Bard Hall B56
Fourier Transform Infrared Spectroscopy (FTIR) is a spectral analysis technique used to identify chemical bonds. It can be used to investigate existing chemistry, track chemical bonds through a process, or in some cases identify materials. Typical samples can be liquids, solids, powders, or even gasses and sample size can be as small as several µl.
The Hyperion is a high performance infrared microscope with transmission, refelection, Grazing incidence, and Attenuated Total Reflectance (ATR) acquisition modes. Spectral acquisition area can range from ~250 µm² to as small as ~10 µm². Motorized sample stage enables spectral mapping, though signal strengths are reduced as spatial resolution is increased. Spectral mapping allows investigation of spatially resolved gradients and distribution of chemical species across a surface. Transmission is the standard mode of acquisition though samples need to be sufficiently thin (<50 µm) to allow good signal to noise.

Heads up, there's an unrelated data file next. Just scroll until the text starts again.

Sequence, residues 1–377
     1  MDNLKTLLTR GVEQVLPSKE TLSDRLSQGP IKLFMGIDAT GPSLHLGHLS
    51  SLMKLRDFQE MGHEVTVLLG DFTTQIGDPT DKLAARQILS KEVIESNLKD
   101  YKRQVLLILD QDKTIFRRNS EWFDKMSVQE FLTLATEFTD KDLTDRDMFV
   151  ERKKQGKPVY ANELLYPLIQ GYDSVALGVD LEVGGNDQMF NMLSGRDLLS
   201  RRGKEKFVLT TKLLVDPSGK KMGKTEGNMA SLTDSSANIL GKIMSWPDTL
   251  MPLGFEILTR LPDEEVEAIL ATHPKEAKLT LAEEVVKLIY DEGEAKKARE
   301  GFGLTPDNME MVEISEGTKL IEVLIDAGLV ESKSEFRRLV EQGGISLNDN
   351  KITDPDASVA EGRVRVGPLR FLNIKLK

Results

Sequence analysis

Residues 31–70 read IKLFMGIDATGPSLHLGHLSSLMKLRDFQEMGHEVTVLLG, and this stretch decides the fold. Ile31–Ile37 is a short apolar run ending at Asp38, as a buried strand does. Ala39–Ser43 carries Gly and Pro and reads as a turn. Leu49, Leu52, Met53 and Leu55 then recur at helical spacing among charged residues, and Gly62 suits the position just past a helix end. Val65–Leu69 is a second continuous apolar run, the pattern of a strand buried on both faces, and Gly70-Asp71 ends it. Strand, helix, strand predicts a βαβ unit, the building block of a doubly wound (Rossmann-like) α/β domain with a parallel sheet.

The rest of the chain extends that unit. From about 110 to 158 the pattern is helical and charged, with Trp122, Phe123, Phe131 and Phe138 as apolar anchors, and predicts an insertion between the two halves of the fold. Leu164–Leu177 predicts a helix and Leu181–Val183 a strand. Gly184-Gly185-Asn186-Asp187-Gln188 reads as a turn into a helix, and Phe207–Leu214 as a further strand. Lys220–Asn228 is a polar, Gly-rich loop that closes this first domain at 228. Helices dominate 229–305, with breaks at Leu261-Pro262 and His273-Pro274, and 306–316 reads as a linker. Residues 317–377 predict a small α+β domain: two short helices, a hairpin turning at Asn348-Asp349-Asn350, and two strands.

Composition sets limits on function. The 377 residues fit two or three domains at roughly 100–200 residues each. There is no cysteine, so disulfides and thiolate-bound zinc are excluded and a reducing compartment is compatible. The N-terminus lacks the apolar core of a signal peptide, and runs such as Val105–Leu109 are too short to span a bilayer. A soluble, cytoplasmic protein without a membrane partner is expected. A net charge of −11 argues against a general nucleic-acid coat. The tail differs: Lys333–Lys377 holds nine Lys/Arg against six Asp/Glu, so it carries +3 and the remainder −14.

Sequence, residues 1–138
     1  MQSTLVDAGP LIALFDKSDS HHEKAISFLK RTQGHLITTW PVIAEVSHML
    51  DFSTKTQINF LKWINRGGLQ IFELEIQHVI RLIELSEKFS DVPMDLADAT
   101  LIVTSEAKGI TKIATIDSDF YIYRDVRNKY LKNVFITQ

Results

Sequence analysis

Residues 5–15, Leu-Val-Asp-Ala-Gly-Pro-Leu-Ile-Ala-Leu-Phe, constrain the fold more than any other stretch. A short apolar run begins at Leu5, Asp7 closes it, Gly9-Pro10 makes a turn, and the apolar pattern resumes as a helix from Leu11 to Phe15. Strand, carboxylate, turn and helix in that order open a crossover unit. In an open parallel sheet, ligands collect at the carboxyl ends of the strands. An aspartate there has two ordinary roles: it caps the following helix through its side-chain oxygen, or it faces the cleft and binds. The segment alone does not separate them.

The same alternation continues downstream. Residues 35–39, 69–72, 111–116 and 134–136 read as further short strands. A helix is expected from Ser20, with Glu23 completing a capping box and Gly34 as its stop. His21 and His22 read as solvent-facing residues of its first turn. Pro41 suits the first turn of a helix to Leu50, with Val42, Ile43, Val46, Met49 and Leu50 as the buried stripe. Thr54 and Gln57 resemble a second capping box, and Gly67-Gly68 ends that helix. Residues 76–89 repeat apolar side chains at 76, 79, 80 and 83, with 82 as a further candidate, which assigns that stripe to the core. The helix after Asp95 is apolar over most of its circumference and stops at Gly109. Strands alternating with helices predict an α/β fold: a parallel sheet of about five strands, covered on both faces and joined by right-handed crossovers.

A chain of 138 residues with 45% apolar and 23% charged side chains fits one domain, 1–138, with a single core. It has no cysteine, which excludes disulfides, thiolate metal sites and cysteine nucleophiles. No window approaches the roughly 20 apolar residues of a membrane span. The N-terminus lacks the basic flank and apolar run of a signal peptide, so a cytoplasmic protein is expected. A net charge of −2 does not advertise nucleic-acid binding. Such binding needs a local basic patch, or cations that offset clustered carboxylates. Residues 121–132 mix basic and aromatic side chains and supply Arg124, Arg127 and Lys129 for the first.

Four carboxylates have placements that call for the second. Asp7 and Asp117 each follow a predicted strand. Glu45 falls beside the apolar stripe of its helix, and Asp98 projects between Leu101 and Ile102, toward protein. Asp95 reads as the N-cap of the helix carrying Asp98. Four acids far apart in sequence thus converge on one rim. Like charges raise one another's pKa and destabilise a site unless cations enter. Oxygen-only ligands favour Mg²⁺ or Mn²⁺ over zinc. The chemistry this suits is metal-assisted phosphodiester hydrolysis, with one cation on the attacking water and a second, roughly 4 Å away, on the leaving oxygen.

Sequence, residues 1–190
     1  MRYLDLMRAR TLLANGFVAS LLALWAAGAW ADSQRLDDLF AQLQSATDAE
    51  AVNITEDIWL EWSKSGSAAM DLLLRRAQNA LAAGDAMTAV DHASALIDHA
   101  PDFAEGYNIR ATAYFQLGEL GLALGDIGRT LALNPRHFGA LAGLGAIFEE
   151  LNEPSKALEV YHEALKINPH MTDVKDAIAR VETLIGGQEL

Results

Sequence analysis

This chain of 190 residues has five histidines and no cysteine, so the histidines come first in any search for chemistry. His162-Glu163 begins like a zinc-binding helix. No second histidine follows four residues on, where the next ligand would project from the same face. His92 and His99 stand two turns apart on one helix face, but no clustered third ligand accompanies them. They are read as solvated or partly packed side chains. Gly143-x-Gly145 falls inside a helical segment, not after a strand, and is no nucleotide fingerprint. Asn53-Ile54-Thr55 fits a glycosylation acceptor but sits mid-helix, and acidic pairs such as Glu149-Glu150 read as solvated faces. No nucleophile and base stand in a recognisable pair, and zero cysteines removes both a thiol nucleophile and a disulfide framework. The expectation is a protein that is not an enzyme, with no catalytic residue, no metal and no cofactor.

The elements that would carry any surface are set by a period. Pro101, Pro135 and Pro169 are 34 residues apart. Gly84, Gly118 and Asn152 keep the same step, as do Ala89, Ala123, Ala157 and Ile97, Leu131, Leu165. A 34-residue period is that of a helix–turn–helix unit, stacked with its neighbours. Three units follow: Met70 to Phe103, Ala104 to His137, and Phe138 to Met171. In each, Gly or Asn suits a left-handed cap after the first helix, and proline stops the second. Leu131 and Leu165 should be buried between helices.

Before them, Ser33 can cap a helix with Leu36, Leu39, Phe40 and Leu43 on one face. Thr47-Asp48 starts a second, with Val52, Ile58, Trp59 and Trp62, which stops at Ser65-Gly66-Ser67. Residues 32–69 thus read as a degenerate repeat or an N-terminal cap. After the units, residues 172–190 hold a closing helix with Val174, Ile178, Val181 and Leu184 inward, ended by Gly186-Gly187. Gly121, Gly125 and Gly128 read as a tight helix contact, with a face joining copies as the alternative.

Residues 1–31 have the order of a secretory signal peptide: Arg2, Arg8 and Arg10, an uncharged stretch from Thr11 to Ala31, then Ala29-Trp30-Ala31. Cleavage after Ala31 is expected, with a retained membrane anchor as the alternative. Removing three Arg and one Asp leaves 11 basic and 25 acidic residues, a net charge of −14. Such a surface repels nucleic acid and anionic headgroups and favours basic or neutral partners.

Low temperature operation
With the use of a cryostat, FTIR spectra can be acquired, in the tensor sample compartment, in transmission, across a wide range of temperatures from 4.2 K to 500 K. Cryostat operation is possible with Liquid Helium but also with Liquid Nitrogen for more convenient and economical testing above 77 K. The cryostat also features an electrical feedthrough with 10 solder studs for electrical connections to a sample or chip. Please contact the facility manager for more information regarding this capability.
For rates information, please see the rates page.